Moroccans in Europe
Tuesday, September 8th, 2009
A little tale of political integration
The political integration of immigrants, particularly those with a Muslim background, is regularly made a subject of discussion by immigrant groups, Turkish and Arab organizations, and occasionally even by the press. Despite the large number (close to 3.3 million) of devote Muslims in Germany, their presence is little felt in politics. Many are plagued by the thought that the prejudice against and fear of Islam are so great in this country that one does not even dare to give this segment of the population its legitimate voice in politics.
Our neighbor Holland, of all countries, which has rather made a name for itself through negative headlines linked to Islam, has shown proof that there is another way. Despite the scandal surrounding the filmmaker Van Gogh, who was murdered by an Islamic extremist for his film critical of Islam, and the hate campaign led by the rightist populist Member of Parliament, Geert Wilder, the Moroccan, Ahmed Aboutaleb, has been head of the second largest city in the country since October 2008, Rotterdam. It can be seen here that they are basically not concerned about the clash described by the American theorist, Samuel P. Huntington, between the hostile opposing cultural groups of Christians and Muslims. The fact is that Aboutaleb is a fan of the Amsterdam Ajax soccer club and that raises the tempers of the good people in Rotterdam far more than his Arab and Muslim background.
Aboutaleb, son of an Imam, came to the Netherlands at the age of 15, worked at first as a journalist, and then climbed the political party career ladder, rung by rung, until he was elected mayor of Rotterdam. He stands for the rather conservative camp of his party, decidedly rejecting all forms of religious extremism, and is considered in the debate on integration to be some one who considers both problems and opportunities equally, without glossing over or exaggerating them. The Netherlands has thus proven that even in times of international terrorism, Huntington’s “Clash of the Cultures and having politicians like Geert Wilders, it is possible to make a rational judgment about a person with a Muslim background. And, by the way, this has made our neighbor a shining example of political integration in Europe. This has made the devote Muslim Aboutaleb known outside his administrative district as well, which is evident in the visit made to Rotterdam by Heinz Buschkowsky, Mayor of Berlin’s problem district, Neukölln, in 2008, and Aboutaleb’s reception about three-fourths of a year later in Berlin for an exchange of project ideas, integration measures, and strategies for dealing with problems.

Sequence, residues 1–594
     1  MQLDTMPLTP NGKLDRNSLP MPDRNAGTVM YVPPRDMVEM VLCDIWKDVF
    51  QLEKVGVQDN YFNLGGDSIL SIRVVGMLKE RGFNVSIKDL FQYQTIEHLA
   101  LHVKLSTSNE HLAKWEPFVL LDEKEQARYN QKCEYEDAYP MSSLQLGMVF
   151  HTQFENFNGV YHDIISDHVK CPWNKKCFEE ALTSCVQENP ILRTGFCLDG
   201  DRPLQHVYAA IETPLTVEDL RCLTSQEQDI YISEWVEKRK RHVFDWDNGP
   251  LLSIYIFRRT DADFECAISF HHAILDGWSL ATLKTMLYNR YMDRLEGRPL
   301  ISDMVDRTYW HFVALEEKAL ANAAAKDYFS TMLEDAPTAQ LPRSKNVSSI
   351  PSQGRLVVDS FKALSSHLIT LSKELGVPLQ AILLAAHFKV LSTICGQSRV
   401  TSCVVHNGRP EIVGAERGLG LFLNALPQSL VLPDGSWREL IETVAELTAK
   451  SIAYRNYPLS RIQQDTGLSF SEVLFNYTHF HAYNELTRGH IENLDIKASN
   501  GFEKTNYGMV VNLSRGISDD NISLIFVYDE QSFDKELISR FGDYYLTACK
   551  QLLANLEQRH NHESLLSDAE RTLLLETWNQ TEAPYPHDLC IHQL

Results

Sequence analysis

This visit, and the attention of the German press that Aboutaleb gained along with it, is perhaps a first step toward the integration of Muslim immigrants. Perhaps Aboutaleb can also make it clear that there is no well-defined, antagonistic culture here, but rather common ground and values. At any rate, no Muslim has been elected to head a major city in Germany or to any other similarly significant post to date. But even in the issue of political integration there is a small shimmer of hope. Strangely enough, it is the youth organization of the CDU, the Schülerunion, that shows how close Islam and Christianity can be. None other than the next generation of the party that enjoys a rather negative claim to fame in immigration policies through Roland Koch’s escapades with the issue of foreigners and the rejection of the Turkish entrance into the EU, and on top of that is the only European political party with a reference to Christianity in its name, presents itself as a trailblazer of political integration.
Younes Ouaqasse, the national chairman of the CDU’s Schülerunion, is living proof of this. Just like Aboutaleb, he is a devote Muslim and attended school for considerable time in Morocco. It was particularly the conservative Christian values that convinced the son of Moroccan immigrants of the Union’s political program, and so he stands for the fact that the religious and cultural divide between Muslims, Christians, Germans, and Arabs is not so great and as incompatible as the media often represent. The problems seem to start when the irrational fear of the violent terrorist stereotype built up over the years runs rampant, preventing measured dialog from providing clarity. Aboutaleb and Ouaqasse not only stand for being members of a particular major segment of the population and their catalog of values in the political process, but also enable a wider public to revise the negative image of Islam common today and to separate the tolerant Muslim majority from the small Muslim minority of extremists.
By Natalia Gorzawski